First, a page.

Northern Ireland Healthcare Review features Menopause Awareness Support Article by Menopause Awareness Trainer Anne McGale in November 2022 Issue

Northern Ireland Healthcare Review features Menopause Awareness Support Article by Menopause Awareness Trainer Anne McGale in November 2022 Issue


Are we denying women by not making menopause policy legislative?

Anne McGale, Nurse and founder of Menopause Wellbeing NI, investigates.


The menopause is something that all women experience. Some may
experience the symptoms worse than others, or for longer than
others. But we all experience it at one point in our lives.
As it stands in Northern Ireland, there are no legislative
provisions that assist women who are experiencing the menopause
and the effect that it has on them in their lives and, most importantly,
in the workplace.

80 per cent of women are now in the workplace, however it
is estimated that 900,000 women in the UK have left jobs as a
result of menopausal symptoms. Research has shown that there
is an increased amount of women who, when experiencing the
per-menopause phase, leave their jobs, will forfeit promotion
opportunities, or will reduce their hours to part-time.

The menopause occurs from the age of 45-to-55, usually with an
average of 51 years. Women now live well into their 80s which can
mean 30 years of life post-menopause. This also means that there will
be many years women will spend in the workplace post-menopause.
For this reason, it is vital that we educate employees and
employers about the menopause and the impact it can have on our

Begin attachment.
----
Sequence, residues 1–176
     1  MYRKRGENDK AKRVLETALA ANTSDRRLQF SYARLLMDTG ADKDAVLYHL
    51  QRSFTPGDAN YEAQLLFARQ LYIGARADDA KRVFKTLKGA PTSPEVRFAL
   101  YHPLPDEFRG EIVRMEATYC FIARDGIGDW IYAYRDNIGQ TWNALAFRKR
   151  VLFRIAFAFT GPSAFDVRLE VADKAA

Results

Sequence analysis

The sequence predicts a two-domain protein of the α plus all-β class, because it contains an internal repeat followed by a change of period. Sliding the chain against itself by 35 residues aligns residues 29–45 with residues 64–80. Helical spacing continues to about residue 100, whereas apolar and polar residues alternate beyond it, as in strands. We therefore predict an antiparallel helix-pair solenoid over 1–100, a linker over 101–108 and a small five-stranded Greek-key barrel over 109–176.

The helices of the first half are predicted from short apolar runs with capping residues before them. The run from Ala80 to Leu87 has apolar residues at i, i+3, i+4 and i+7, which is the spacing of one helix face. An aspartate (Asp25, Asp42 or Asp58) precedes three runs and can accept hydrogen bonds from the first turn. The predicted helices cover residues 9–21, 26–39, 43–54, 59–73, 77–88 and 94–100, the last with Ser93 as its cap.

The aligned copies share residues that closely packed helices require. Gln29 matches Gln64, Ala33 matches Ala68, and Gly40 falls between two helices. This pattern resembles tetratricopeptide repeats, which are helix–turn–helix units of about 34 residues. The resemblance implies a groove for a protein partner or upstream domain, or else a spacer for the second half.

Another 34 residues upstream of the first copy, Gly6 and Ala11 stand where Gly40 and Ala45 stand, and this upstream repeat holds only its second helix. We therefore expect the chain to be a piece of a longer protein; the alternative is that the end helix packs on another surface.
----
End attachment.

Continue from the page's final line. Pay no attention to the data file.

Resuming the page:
lives and the lives of those around us.


There are at least 34 known symptoms of the menopause. 80 per cent
of all those who experience the menopause will experience some
symptoms and 25 per cent will have symptoms severe enough that it
will impact on their normal day-to-day.
The symptoms can be physical and psychological. The impact
of the symptoms affects not only the individual experiencing the
menopause, but also those who we live and work with.


Unfortunately, there are no policies in place
here in Northern Ireland which relate to the
menopause in the workplace. However, there
is definitely more of a push towards trying
to understand and cater for those who are
experiencing it.

The Equality Commission brought out
guidance in the last number of years which
was targeted at employers to inform them
of the menopause and the impact it could
have on their workforce. The issue with this
guidance, is it is not enforceable. Employers
still have the ability to ignore this guidance
and continue without taking it on-board.
There are, however, employers who
do take this guidance on-board and have
shown the benefits that have come from
implementing menopause policies in the
workplace. When employers show interest
in their employees’ lives, it builds loyalty
within the workforce. There is so much now
in the workplace about looking after our
physical and mental health – we need this to
continue to expand and include the likes of
the menopause.

MPS and MLAs on the Women and